TCF14114 1/4" x 1-1/4" 3/16 x 3-1/2" 0 - 1/4""
TCF14134 1/4" x 1-3/4" 3/16 x 3-1/2" 1/4" -3/4"
TCF14214 1/4" x 2-1/4" 3/16 x 4-1/2" 3/4" - 1-3/4"
TCF14234 1/4" x 2-3/4" 3/16 x 4-1/2" 1-1/4" -1-3/4"
TCF14314 1/4" x 3-1/4" 3/16" x 5-1/2" 1-3/4" - 2-1/4"
TCF14334 1/4" x 3-3/4" 3/16" x 5-1/2" 2-1/4" - 2-3/4"
TCF144 1/4" x 4" 3/16" x 5-1/2" 2-1/2" - 3"
TCF145 1/4" x 5" 3/16" x 6-1/2" 3-1/4" - 4"
TCF146 1/4" x 6" 3/16" x 7-1/2" 4-1/4" - 5"

Embedment Requirements

Tapcons require a minimum embedment of 1" and a maximum embedment of 1-3/4". If a user embeds the screw less than 1", the holding values will be diminished. Under embedment should be avoided because the true holding value would be unknown. Trying to embed the screw deeper than 1-3/4" will cause the screw to bind in the hole to the point where the screw will not go in any further. Binding in the hole can also cause the screw to not be able to be removed or the head will shear off. The harder the base material, the less the maximum embedment should be. When the screw is inserted into the hole, the lead thread is doing all of the cutting of the base material. The lead thread will lose its ability to cut into the base material if it has done drilled more than 1-3/4" of embedment or the base material is extra hard or abrasive. Once the screw binds in the hole and too much torque is applied, the head of the concrete screw will shear off.

Determining the Length of Tapcon® to Use

To determine the length of the Tapcon® needed, add the thickness of the material to be fastened plus a minimum of 1" and a maximum of 1-3/4". All of the screws are measured from under the head. Let's say you want to fasten a 2x4 to concrete. The 2x4 is 1 1/2" thick so adding a minimum of 1" = 2 ½". Adding a maximum of 1-3/4" to a thickness of 1 ½"= 3 ¼". So the range of lengths for this screw is 2 ½"- 3 ¼". Tapcon® concrete screws come in lengths of 2-3/4" and 3-1/4". The 2 ¾" concrete screw would be the proper choice in this situation as the embedment would be 1 ¼".

Installation of Tapcons

The installation of a concrete screw can be completed in four steps. The steps are as follows:

  1. Using a hammer drill and a carbide tipped masonry bit (in the proper size), carefully drill a pilot hole 1/2" deeper than the recommended anchor embedment.
    "** Important Note: 1/4" diameter Tapcons use a 3/16" bit and 3/16" diameter Tapcons use a 5/32" bit.
  2. Clear the hole of all debris as the hole is being drilled.
  3. Insert the pointed end of the concrete screw through the hole and into the base material.
  4. Using a standard drill with the appropriate hex or Phillips socket, drive the concrete screw carefully into the pre-drilled hole until the screw is fully seated.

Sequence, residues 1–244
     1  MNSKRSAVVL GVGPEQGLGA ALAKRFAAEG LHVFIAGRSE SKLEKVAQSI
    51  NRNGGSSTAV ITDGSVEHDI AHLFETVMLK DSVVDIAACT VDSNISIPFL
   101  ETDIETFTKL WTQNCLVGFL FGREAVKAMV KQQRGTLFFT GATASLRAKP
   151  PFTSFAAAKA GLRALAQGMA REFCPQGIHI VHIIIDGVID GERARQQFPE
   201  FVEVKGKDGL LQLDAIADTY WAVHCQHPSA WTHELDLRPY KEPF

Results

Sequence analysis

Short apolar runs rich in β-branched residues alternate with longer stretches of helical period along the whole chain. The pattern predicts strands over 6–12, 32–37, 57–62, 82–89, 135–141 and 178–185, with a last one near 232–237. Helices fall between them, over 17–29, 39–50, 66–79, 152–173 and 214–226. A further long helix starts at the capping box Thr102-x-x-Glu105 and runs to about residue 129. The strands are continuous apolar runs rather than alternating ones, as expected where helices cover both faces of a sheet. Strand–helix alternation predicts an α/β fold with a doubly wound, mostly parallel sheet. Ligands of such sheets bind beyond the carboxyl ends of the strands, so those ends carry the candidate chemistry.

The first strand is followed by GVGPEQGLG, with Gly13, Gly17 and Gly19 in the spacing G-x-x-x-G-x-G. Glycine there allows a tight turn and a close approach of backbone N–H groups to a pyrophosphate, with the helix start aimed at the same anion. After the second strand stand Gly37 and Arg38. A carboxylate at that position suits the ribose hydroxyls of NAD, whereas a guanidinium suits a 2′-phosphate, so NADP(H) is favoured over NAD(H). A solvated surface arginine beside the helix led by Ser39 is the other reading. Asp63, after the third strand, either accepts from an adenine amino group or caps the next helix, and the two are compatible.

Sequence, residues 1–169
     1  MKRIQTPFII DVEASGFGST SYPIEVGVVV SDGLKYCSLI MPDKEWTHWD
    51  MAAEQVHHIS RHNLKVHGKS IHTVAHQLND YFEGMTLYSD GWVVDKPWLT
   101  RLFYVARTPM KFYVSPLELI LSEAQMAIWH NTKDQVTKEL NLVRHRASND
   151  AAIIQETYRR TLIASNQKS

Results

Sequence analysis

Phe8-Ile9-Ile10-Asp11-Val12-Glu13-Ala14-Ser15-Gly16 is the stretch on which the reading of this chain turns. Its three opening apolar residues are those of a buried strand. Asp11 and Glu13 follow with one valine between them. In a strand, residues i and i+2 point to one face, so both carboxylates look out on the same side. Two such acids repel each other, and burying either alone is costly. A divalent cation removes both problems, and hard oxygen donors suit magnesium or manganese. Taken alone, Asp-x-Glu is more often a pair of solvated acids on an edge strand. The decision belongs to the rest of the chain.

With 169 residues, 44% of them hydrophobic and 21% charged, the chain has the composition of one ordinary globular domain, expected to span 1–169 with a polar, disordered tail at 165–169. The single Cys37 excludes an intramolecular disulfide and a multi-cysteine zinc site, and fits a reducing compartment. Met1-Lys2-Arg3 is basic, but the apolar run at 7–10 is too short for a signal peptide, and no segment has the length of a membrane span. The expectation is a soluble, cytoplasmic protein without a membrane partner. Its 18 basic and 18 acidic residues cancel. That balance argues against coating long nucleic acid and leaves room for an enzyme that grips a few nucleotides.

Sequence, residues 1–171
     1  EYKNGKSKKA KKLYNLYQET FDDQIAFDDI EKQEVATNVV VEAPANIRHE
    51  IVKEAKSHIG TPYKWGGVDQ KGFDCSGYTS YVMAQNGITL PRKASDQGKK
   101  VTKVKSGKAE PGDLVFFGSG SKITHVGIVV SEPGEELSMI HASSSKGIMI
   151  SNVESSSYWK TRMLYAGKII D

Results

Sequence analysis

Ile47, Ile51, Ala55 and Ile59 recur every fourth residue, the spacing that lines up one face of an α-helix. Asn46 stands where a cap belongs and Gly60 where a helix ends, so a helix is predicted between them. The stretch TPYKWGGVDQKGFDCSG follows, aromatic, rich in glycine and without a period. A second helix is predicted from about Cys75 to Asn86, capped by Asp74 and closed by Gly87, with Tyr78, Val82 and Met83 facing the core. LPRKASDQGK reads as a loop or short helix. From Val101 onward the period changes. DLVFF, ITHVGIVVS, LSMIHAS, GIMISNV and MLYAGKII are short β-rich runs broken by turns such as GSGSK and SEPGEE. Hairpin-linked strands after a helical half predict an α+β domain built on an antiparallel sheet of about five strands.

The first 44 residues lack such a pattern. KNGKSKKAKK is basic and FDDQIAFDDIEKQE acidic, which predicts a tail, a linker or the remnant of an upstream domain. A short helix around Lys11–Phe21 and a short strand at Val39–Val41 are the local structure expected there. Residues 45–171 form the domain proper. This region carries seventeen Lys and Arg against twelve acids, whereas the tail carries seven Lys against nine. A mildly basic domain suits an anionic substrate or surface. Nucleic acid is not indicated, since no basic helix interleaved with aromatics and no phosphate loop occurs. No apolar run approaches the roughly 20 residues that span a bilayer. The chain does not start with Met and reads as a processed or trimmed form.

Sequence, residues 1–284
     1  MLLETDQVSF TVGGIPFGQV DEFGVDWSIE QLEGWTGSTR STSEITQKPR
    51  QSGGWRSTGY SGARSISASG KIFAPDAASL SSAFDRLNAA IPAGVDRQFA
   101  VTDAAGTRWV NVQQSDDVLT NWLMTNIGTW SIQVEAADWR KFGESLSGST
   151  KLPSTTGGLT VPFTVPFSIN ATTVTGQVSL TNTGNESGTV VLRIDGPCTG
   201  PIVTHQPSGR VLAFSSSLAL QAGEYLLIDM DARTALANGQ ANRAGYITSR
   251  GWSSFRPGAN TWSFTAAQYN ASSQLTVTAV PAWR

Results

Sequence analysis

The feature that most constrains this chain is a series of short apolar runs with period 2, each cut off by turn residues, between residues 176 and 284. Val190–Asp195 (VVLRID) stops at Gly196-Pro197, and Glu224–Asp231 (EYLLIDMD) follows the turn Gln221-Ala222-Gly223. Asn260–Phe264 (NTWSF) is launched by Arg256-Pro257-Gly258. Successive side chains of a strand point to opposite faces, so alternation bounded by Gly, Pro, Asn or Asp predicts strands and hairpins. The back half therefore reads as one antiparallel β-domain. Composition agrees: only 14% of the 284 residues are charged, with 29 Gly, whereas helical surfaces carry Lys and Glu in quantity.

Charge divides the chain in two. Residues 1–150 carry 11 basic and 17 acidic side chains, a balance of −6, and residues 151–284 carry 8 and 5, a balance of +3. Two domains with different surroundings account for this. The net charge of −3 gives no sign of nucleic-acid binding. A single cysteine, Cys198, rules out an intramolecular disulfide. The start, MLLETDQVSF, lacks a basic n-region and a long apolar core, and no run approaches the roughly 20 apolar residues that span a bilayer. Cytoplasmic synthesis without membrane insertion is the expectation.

** Important Note: Be careful not to over-tighten the Tapcon® during installation. This will cause it to spin in the hole and strip the threads.

Applications for Tapcons

Tapcons are versatile as they can be used in concrete and brick as well as block base material. They are available in diameters of 3/16" or 1/4" with lengths from 1-1/4" to 6". The different lengths allow for materials [in thicknesses up to 5"] to be fastened. This wide range allows these concrete screws to be used in many applications such as studs, plywood, electrical boxes, door bucks and more.

Approvals for Tapcons

Tapcon® screws have been tested and are proven to have excellent holding values. They have earned approvals from a number of industry's building codes, such as: City of Los Angeles, Miami-Dade Count, FL and SBCCI.

Tapcons® Head Styles

An important feature of these concrete screws is that users have a choice of head style. There are two head types available: the hex slotted washer head and the countersunk flat head Phillips. Each has different requirements that must be considered when working with each style:

  • The hex head requires a 1/4" nut setter for the 3/16" diameter and the 1/4" screw requires a 5/16" nut setter. The hex head should be used in all applications where the head does not need to be countersunk in the material.
  • The flat head countersunk Phillips require a #2 bit tip for the 3/16" and the 1/4" screw requires a #3 bit tip. The flat head screw is used in applications where the heads of the screws need to be countersunk into the material being fastened.



 

As with any anchoring project, it is important to keep safety in mind and follow instructions carefully. Always remember to wear safety goggles, handle all tools with extra care and follow all technical specifications. This article is meant to serve only as a basic explanation of concrete fasteners. Always refer to manufacturer's instructions or consult a contracting expert during any anchoring project.

Article Written By:
Mike Pistorino, Vice-President Operations